Diet: Vegetarian
Servings: 15 crepes
Author: Kate

Ingredients

  • 1 ¼ cup all-purpose flour
  • 1-4 tablespoons sugar - (1 tablespoon gives the crepes just a hint sweetness, 4 tablespoons makes them sweet and dessert-like)
  • ¼ teaspoon baking soda
  • ¼ teaspoon salt
  • 3 large eggs
  • 1 cup buttermilk
  • ¼ cup vegetable oil - (or melted butter)
  • 1 cup boiling water
  • Vegetable oil for cooking - (I recommend an oil sprayer), or butter

Instructions

  • Add all the ingredients aside from the boiling water to a blender. Pulse several times to make a smooth mixture.
  • Carefully and gradually add the boiling water to the mixture and pulse to combine. If you have a blender that allows you to pour it in from the top (WITHOUT the mixture splashing out), use that. If not, add about ¼ cup of boiling water, cover the blender, and blend. Repeat until all the water is added.
    Skim off the bubbles from the top of the batter.
  • Preheat a 7 or 8 inch non-stick pan over medium-low heat. Spray it with oil or brush about ½ teaspoon oil all over the pan.
  • Add a scant ¼ cup of batter to the center of the pan and swirl the pan immediately to spread the batter all around to coat the pan. Cook over medium-low heat for 45 seconds to 1 minute, or until the crepe is mostly set and the bottom is golden but not too browned.
  • Run a silicone spatula/turner alongside the edges of the crepe to loosen it, then gently wiggle the spatula underneath and flip the crepe over into the pan. Cook for another 20-30 seconds, or until the crepe has golden brown spots on the bottom and is fully cooked. Remove carefully onto a large plate.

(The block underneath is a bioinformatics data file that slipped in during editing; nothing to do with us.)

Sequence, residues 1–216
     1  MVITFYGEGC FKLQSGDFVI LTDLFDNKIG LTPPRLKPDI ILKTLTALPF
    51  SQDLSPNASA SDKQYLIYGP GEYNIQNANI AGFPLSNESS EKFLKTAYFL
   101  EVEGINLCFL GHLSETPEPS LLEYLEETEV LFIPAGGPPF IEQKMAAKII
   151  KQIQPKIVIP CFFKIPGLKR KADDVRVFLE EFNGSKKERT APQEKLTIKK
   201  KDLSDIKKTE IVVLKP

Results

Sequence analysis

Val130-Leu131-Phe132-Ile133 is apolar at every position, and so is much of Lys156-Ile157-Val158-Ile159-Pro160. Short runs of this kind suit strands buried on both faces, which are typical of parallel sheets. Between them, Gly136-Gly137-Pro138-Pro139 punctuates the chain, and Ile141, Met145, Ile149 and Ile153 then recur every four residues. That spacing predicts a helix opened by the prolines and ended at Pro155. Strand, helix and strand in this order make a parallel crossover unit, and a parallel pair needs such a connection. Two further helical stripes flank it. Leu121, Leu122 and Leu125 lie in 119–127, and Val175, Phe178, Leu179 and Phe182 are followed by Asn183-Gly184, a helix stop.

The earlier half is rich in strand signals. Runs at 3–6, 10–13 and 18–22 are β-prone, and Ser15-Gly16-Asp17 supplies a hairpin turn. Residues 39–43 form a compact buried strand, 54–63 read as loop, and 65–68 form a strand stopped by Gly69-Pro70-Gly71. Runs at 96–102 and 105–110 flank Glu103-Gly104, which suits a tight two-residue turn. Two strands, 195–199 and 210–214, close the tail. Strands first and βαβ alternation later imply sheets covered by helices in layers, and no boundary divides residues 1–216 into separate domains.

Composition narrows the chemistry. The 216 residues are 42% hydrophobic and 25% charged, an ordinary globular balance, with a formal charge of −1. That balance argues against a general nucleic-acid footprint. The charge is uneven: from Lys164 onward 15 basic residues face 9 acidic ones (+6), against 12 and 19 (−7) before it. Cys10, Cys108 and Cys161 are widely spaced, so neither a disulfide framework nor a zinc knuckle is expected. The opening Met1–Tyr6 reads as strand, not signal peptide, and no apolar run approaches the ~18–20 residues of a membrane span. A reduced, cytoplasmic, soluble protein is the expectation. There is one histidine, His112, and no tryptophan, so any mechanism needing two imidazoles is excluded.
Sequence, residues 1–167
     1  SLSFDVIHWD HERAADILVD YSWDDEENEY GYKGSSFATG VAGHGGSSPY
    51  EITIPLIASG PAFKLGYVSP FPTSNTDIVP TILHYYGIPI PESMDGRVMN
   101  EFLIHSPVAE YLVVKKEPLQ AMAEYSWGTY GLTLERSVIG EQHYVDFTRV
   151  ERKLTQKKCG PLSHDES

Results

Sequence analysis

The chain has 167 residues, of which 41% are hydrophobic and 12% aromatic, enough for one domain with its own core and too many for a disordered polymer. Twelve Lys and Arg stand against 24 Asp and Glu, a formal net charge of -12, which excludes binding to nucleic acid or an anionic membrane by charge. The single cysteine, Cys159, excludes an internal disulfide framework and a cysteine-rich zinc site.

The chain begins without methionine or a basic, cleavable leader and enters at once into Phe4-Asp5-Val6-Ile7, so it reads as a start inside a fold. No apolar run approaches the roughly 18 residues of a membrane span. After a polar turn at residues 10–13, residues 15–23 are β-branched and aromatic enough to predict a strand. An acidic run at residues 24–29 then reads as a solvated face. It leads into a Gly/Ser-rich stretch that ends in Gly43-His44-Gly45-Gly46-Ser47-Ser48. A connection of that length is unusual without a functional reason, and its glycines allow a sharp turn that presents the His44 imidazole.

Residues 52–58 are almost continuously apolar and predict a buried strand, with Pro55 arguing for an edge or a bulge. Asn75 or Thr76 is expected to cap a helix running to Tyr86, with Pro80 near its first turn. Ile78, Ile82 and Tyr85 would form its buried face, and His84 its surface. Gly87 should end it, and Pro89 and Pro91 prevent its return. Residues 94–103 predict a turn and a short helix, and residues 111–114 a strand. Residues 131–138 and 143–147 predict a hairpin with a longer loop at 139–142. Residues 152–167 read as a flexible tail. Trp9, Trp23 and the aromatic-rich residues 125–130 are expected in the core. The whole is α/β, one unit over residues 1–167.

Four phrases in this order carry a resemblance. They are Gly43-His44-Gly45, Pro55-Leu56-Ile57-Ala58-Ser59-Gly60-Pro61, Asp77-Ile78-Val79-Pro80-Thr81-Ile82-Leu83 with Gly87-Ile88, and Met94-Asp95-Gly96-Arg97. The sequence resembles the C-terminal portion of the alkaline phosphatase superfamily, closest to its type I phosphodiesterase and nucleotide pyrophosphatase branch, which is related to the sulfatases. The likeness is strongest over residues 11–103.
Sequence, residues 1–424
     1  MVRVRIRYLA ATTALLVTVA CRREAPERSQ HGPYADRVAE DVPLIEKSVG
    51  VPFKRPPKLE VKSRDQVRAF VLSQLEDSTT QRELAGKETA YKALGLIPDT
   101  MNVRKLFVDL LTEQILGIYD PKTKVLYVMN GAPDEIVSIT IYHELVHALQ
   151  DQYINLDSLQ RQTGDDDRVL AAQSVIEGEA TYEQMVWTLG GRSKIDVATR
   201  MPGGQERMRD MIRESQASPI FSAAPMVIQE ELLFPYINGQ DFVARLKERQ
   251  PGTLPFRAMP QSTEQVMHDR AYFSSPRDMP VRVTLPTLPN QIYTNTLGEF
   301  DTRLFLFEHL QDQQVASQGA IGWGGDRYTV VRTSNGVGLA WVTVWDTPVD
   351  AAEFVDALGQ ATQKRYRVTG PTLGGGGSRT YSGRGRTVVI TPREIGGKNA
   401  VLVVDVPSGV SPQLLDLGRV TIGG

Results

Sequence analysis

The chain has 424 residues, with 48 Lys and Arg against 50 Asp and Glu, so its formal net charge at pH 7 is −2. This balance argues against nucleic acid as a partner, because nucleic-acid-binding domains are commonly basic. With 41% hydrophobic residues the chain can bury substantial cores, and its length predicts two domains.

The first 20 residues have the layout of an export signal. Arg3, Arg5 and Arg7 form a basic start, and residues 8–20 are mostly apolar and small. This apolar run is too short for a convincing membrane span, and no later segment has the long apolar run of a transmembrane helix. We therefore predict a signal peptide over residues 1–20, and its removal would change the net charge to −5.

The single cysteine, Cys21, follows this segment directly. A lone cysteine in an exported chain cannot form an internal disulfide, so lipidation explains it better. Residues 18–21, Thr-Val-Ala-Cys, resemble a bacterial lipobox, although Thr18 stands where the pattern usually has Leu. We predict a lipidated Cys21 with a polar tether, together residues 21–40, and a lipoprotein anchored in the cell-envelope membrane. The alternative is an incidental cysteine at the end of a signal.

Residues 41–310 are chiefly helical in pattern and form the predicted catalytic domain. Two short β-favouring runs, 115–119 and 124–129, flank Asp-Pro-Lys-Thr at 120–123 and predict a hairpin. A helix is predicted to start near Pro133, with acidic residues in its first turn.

• Spray another ~½ teaspoon oil into the pan and repeat steps 4 and 5 until all the crepes are cooked.

Notes

If making crepes without a blender: You can use a food processor or an electric mixer. If whisking by hand, whisk together the buttermilk, eggs, and oil. Then whisk in the flour, baking soda, and sugar. Then carefully and gradually whisk in the boiling water. 
A smaller pan (7-inches) makes it easier to flip the crepes. If using an 8-inch pan, you'll need almost ¼ cup batter. If using a 9-inch pan, you'll need ¼ cup batter, or maybe ½ tablespoon more.
If your crepes are falling apart as you try to flip them, blend in about 1-2 tablespoons more flour (1 tablespoon at a time). 
Serving ideas: blueberry sauce or berry compote, maple syrup, honey, bourbon caramel sauce, chocolate sauce, blackberry jam, Greek yogurt, spread with hazelnut, add fresh berries, whipped cream, chocolate chips. Or try them savory: reduce the sugar to 1 tablespoon and add some ham and cheese, sautéed mushrooms, spinach and goat cheese, or lox and whipped cream cheese.

Nutrition

Calories: 64kcal (3%) | Carbohydrates: 10g (3%) | Protein: 3g (6%) | Fat: 1g (2%) | Saturated Fat: 1g (5%) | Polyunsaturated Fat: 1g | Monounsaturated Fat: 1g | Trans Fat: 1g | Cholesterol: 34mg (11%) | Sodium: 48mg (2%) | Potassium: 45mg (1%) | Fiber: 1g (4%) | Sugar: 2g (2%) | Vitamin A: 74IU (1%) | Calcium: 25mg (3%) | Iron: 1mg (6%)

The nutritional information displayed is an estimate and not to be used as dietary or nutritional advice. Consult a nutritionist or dietician for nutritional info based on the exact ingredients you use.